Anyway, Erik argues that indeed at this moment people are losing their jobs, but this is just a growing pain for what he calls “The New Machine Age”. According to Erik at this moment in time productivity is at an all time high, and actually the numbers used to make this hypothesis are understated. He says that because a lot of the Internet is “free” economists miss about 300 billion dollars for the total GDP. Interestingly enough he will go on to incorporate a lot of the ideas that we have discussed throughout this course. He says that this new machine age will promote grow for three reasons. It’s digital, meaning it’s at virtually no cost. It’s exponential, like what Ray Kurzwiel says, and it’s combinatorial, meaning that new things will be building blocks for future implementation. His final point provides the most hope for our job situation. He states as an example that when Deep Blue played grandmaster Garry Kasparov, the machine won. And even today, a cell-phone app can beat even the most skilled grandmaster, but what is most hopeful is that today, the world champion is not a human or a machine. Today when humans work with machines, they can beat any human or any machine. This means that we need to race with the machines rather than race against the machines.
He also talks about Watson during the talk which can relate to the singularity.
And finally here is another TED talk that is unrelated to the first one, but I’ve been meaning to post it for some time. It describes the purpose of this class, and what we as developers should be doing, when making new software.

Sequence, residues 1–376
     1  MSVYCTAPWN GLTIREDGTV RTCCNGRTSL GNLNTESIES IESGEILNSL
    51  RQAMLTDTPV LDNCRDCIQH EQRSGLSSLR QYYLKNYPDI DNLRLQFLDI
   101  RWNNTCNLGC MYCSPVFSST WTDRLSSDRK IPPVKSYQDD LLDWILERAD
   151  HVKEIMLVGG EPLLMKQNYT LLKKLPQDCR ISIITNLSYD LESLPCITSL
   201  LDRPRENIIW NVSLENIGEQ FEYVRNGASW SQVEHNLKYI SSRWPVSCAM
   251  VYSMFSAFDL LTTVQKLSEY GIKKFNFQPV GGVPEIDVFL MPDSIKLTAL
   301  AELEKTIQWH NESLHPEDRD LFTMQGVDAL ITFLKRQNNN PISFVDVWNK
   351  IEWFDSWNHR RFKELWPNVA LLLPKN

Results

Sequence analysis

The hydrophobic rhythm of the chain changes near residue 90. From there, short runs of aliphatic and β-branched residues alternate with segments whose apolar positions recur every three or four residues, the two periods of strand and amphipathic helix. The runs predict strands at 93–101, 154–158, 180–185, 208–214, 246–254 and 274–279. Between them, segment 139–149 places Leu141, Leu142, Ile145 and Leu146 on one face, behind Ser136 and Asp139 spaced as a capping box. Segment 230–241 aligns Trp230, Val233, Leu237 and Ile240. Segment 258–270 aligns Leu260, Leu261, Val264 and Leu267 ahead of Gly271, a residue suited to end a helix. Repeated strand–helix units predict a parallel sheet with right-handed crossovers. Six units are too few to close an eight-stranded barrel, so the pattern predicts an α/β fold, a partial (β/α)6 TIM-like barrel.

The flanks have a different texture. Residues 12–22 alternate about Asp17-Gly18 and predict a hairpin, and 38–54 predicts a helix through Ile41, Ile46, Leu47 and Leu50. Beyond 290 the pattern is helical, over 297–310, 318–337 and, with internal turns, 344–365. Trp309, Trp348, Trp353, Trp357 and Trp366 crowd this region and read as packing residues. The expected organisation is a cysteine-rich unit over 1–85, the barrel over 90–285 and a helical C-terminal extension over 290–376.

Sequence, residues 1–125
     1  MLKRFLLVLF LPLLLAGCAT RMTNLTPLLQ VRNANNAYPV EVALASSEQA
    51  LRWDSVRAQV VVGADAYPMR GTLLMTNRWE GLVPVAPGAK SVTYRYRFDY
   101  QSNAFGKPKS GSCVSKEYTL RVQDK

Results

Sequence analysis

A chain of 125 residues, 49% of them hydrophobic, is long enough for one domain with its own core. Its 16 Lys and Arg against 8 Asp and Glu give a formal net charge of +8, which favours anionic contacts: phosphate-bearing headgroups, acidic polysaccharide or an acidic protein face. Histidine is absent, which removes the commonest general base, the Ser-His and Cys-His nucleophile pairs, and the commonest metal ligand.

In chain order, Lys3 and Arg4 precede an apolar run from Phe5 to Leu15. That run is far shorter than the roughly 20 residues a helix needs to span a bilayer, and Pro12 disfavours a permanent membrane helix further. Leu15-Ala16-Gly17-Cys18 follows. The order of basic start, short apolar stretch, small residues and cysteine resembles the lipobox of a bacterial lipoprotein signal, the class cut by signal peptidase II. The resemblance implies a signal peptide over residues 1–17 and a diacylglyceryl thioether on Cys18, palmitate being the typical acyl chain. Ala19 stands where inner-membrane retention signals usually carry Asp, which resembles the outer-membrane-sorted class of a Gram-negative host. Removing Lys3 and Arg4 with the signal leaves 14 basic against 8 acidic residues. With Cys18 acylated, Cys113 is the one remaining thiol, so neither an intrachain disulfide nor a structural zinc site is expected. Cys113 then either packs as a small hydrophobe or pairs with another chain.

The Verge has a long write-up about the Kickstarter-funded projects exhibited at CES. The new prevalence of Kickstarter-funded tech ventures might show us a model of how the path of technological progress — especially for consumer products — might become more democratic.
If you don’t know about Kickstarter, here is the basic idea: Someone has a project in mind but not enough money to do it. For example, maybe the project would cost $50,000. The person starts a Kickstarter project and asks for support. People pledge monetary support, but they only have to pay if enough other people pledge so that the project reaches its threshold, in this case $50,000. A benefit of this system is that it is safer for donors. They are less likely to end up spedning money on a project that never even gets rolling.
In the article, some of the projects in question were high tech “smart” watches, mobile phone accessories, Bluetooth-enabled stickers (for locating easily lost items), and an electric skateboard.
It seems that these new Kickstarter-funded projects will result in a wider array of available products. This means there will be more possible paths along which technology can evolve. Furthermore, the paths will be more often chosen according to the actual needs of consumers, instead of just whatever the large tech companies think they can sell. A consequence of this will likely be happier consumers. This makes Kickstarter a positive development from a utilitarian perspective.
Also, Kickstarter gives innovative people an opportunity to make money by working creatively on their own projects. That means they are less dependent for their personal income on large companies, organizations, or governments that decide what projects developers and engineers are to work on. This seems positive from the perspective of Kantian ethics. Kickstarter allows gives people autonomy and allows them to have work where they are not treated as mere means to someone else’s ends.